While I spend much of my time hoping for better professional Democrats, rank-and-file Dems have to get smarter (boldface mine):
As the horserace quants at FiveThirtyEight explained, both [Harris and Warren] are victims of the Democratic electorate’s fixation on “electability.” Polling broadly shows Democratic voters thinking Joe Biden has the best chance at winning the general election. That is exactly what Biden would like everyone to think, and that belief practically constitutes the sole argument for his candidacy…
“Electability” is a crock of shit. It is defined, like political “moderation,” only in terms of opposition to things people want, but are told they can’t have, ranging from antiwar politics to left-wing economic populism to even the “cultural liberalism” that is seemingly the cornerstone of the modern Democratic Party. (Back in 2004, supporting civil unions, not even marriage, for same-sex couples was a threat to a Democrat’s perceived “electability.”) While the impulse to vote according to how you think a candidate would appeal to people who don’t share your priorities might make sense in theory, practice has revealed time and time again that no one involved in electoral politics—from the pundits down to the caucus-goers—has a clue who or what Americans will actually vote for. That was supposed to be, as the political scientist Masket says, the main lesson of Trump’s election.
But Democratic voters did not teach themselves to prioritize electability over their own actual concerns. They were trained to, over many years, by party figures who over-interpreted the loss of George McGovern, or who wanted to use the fear of McGovern to maintain their power over the Democratic candidate pipeline and nomination process. “Electability” is a way to get voters to carry out a contrary agenda—not their own—while convincing them they’re being “responsible.”
And now Democratic candidates and their most loyal voters are stuck in an absurd feedback loop. The politicians campaign and govern as if they themselves don’t believe a majority of voters prefer their agenda, signaling to their most loyal voters that they must vote not for what they want, but for what they imagine their more-conservative neighbors might want. But when voters in 2016 did exactly that, and nominated the candidate they were repeatedly told was most qualified to defeat Trump in the general election, they chose a person who went on to lose to him.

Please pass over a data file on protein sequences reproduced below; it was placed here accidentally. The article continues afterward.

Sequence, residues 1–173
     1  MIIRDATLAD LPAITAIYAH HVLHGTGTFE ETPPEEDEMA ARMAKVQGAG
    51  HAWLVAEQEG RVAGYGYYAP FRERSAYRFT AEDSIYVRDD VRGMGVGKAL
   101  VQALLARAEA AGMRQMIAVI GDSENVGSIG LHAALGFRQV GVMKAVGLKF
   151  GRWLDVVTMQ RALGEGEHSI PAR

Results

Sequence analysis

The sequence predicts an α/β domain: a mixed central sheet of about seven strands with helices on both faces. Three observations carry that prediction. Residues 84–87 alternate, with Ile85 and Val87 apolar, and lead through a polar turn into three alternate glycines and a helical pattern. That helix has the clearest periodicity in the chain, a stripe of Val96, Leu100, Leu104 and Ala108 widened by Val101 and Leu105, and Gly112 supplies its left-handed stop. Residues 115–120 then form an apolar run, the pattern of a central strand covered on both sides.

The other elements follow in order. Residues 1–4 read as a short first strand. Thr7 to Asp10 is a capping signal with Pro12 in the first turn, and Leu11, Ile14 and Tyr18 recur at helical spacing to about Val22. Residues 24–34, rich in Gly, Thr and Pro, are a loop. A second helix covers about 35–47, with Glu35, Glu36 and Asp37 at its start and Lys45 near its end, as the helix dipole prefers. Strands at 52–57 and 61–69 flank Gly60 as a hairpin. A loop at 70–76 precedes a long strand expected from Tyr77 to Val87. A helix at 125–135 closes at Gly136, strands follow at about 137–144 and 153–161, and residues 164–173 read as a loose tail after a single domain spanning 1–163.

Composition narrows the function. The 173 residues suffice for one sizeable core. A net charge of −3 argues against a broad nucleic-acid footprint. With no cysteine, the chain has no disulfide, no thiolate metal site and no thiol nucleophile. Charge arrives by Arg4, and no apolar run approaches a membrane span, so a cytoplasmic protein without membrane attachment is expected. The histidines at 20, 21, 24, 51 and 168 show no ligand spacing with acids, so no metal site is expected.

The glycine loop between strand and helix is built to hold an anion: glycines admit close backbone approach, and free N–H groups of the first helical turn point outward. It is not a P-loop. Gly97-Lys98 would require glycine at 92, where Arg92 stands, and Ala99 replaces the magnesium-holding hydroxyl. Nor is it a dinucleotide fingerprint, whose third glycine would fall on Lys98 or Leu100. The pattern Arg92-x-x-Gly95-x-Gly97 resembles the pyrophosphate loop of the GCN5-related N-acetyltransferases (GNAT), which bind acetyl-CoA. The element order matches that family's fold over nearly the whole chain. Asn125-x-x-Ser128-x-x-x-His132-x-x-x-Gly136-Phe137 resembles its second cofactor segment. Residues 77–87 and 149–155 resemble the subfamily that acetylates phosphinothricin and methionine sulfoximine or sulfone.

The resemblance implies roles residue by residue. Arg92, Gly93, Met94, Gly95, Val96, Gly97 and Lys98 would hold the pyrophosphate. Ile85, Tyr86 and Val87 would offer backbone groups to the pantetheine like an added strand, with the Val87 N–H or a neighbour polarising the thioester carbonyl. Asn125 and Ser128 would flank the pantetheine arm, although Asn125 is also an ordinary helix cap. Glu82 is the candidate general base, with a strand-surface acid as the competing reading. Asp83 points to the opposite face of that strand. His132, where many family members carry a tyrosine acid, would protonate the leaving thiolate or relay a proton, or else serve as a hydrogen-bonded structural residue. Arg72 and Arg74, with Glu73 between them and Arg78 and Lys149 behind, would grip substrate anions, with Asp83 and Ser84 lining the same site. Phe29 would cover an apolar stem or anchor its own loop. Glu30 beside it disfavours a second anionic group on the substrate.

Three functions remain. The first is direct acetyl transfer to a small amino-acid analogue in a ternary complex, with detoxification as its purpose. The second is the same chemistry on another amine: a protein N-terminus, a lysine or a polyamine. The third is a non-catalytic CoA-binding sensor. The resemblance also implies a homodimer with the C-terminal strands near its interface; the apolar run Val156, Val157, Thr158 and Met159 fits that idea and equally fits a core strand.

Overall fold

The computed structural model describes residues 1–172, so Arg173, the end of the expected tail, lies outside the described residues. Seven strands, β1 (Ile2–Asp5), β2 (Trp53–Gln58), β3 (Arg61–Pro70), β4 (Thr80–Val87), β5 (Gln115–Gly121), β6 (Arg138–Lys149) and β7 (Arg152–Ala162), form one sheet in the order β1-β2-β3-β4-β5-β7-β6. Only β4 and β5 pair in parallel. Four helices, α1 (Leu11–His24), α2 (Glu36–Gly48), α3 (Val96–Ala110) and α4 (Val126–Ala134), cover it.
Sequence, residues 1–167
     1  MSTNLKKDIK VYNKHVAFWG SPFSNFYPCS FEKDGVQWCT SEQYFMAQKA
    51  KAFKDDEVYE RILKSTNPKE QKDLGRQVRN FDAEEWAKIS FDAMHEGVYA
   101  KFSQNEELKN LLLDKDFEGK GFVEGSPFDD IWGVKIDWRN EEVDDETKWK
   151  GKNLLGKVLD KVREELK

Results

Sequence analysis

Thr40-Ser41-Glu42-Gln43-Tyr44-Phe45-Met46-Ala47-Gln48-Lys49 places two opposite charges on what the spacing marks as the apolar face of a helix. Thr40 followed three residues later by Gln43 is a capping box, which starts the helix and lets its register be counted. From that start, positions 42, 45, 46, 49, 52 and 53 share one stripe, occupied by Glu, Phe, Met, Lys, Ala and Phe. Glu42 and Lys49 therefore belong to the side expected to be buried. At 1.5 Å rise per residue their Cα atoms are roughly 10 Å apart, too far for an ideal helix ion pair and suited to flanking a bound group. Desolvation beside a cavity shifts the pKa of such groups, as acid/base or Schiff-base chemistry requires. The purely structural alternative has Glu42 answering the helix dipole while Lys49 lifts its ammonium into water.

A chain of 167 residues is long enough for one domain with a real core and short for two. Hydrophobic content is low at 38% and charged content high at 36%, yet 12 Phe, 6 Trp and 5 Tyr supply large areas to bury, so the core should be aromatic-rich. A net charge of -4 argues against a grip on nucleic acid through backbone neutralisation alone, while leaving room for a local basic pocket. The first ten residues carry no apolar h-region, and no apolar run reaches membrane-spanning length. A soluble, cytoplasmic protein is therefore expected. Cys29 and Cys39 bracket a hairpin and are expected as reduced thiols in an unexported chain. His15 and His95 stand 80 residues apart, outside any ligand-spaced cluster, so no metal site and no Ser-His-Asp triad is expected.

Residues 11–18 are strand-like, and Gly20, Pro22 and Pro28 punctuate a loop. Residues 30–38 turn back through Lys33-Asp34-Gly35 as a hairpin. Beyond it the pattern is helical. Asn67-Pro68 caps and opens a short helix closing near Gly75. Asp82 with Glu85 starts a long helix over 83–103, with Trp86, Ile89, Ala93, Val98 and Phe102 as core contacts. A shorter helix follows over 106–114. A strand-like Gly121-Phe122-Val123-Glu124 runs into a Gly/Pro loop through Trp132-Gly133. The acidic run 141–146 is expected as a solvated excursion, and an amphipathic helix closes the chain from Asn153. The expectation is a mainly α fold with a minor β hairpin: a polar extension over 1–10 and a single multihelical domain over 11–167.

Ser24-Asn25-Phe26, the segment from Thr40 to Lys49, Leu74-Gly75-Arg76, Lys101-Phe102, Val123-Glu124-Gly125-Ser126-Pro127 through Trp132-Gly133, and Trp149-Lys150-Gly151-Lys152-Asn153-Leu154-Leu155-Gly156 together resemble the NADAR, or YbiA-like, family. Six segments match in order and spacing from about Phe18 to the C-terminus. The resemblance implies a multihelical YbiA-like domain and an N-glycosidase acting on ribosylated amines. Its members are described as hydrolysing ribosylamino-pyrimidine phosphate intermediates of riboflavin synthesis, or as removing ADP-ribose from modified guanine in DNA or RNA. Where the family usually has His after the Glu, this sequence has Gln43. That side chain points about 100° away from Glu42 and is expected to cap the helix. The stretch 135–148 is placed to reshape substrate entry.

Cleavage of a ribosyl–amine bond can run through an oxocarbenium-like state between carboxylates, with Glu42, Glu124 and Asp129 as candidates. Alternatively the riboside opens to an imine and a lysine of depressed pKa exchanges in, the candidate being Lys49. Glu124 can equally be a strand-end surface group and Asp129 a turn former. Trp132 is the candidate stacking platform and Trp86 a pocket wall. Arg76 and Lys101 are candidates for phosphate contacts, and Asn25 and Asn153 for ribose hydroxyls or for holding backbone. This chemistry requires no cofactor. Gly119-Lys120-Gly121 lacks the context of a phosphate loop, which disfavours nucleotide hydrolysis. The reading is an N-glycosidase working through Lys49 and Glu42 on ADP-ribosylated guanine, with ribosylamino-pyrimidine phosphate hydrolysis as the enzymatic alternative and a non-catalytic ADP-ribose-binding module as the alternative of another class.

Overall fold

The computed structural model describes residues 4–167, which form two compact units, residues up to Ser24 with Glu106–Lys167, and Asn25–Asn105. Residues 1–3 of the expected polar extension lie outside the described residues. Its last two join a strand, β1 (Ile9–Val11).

How are committed, pragmatic voters supposed to react when the person sold to them as not just the most “electable” person in this particular race, but among the most “electable” people in recent political history, loses a freak election to a preening, venal huckster who was treated as a great big joke for almost the entirety of the campaign?
…Because of the way the “electability” question was framed in 2016, and the way it then backfired, it looks very much like the Democratic Party’s rank-and-file took from that election the lesson that “a smart and capable woman isn’t electable,” not that “an establishment fixture with a tremendous amount of political baggage who is also easily and convincingly portrayed as corrupt isn’t electable.” I’m guessing many of the people who worked very hard to elect Hillary Clinton president would like to see Warren win the Democratic nomination rather than Biden, but decades of party brass (aided by a political press that spends every single election cycle talking about the electorate like it’s still Nixon’s Silent Majority) leaning on “electability” arguments to kneecap outsider candidates is currently working against that outcome.
Watching Joe Biden, a man who was already too out-of-step with the party and the country to win the nomination 12 years ago, claim the “electability” mantle only strengthens that feeling. No one really wants President Biden. It’s just that the “better things aren’t possible” caucus accidentally managed to convince some large portion of the Democratic electorate that they must hold their noses and vote for actively worse things.
Expecting voters to behave like pundits—asking people to vote for what expensive consultants and Sunday show guests imagine people like them might want instead of what they actually want—would be perverse even if it worked. But unless and until the Democratic electorate can be given license to support what it supports, each failure of the “electability” paradigm will only be taken as proof of the need to retreat further into learned helplessness.
If you’re not that excited to vote for Joe Biden, I promise you, your neighbor isn’t, either.
Part of the problem is that electability was misdefined in 2016: when the news media in its various forms uniformly has rage boners towards your candidate, said candidate might not be so electable. Pareene is absolutely right about the ghosts of McGovern. Too much of the party is still traumatized by 1968 and 1972, even as left-ish Democratic policies are now enormously popular.
I define electable as someone I can easily defend and for whom I can argue. If I knock on someone’s door or call them, can I tell them succinctly how candidate X will make their lives better? ‘X isn’t Trump’ is not a compelling argument–if that matters to them, they’re already voting Democratic. Obviously, there’s more to it (e.g., press corps rage boners), but that’s a pretty good start.
Vote for the candidate you’re excited about, and for whom you can make a good argument. It’s ok if we disagree as to who that is: different Democrats have different priorities. But electability politics are the Democratic version of the politics of fear.
And as a historical note, in 2008, the unelectable guy–for, erm, reasons–did very well.